Progressive retinal atrophy (PRA) is a name given to a broad group of eye diseases of similar character. It causes no pain or discomfort but leads to permanent blindness. The word atrophy means wasting away.

PRA develops after birth, and it has been determined in some breeds to be inherited from both parents. It affects the retina which lines the inner eye. The retina contains the light-sensitive rods and cones that change light into energy for transmitting messages to the brain. The retina is similar to the film in a camera – the image or picture is received on it.

PRA occurs in all breeds of dogs and cats. It appears earlier in some breeds and can take several years to cause complete blindness. An early sign of PRA is inability to see in dim light.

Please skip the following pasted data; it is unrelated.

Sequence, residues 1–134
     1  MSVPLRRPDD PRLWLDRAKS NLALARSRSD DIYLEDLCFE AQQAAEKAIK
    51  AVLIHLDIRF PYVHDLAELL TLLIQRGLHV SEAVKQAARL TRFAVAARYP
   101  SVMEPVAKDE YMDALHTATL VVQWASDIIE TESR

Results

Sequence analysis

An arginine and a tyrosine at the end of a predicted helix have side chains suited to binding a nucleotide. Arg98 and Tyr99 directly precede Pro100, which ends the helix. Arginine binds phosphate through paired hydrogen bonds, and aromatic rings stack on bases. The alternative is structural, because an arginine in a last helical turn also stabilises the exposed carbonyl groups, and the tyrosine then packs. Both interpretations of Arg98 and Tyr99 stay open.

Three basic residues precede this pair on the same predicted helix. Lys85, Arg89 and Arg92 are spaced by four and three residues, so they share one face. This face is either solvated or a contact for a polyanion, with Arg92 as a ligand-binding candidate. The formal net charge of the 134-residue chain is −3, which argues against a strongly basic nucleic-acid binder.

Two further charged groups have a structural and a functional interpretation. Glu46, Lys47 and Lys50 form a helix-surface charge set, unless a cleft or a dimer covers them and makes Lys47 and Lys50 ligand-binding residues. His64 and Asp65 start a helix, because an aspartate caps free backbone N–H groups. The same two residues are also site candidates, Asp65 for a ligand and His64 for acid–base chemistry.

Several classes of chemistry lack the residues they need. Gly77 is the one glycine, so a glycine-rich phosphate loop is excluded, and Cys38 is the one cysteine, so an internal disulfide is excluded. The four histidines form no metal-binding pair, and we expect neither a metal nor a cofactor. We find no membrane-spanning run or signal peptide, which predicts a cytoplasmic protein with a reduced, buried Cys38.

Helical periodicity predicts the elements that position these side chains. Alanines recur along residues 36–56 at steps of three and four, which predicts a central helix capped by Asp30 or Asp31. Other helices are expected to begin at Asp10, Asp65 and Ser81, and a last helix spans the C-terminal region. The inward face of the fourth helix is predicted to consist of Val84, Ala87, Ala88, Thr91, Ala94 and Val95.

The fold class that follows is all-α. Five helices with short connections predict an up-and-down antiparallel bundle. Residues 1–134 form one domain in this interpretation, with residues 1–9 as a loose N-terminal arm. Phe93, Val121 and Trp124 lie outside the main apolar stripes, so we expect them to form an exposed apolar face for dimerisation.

Due to PRA’s slow progress, most pets adapt very well to the gradual loss of sight. Many owners do not realize their pet is becoming blind. Animals compensate well for blindness, and their other senses are much more acute than those of people.

There is no treatment available, and complete blindness will eventually result. PRA is eliminated through selective breeding of animals with normal eyes.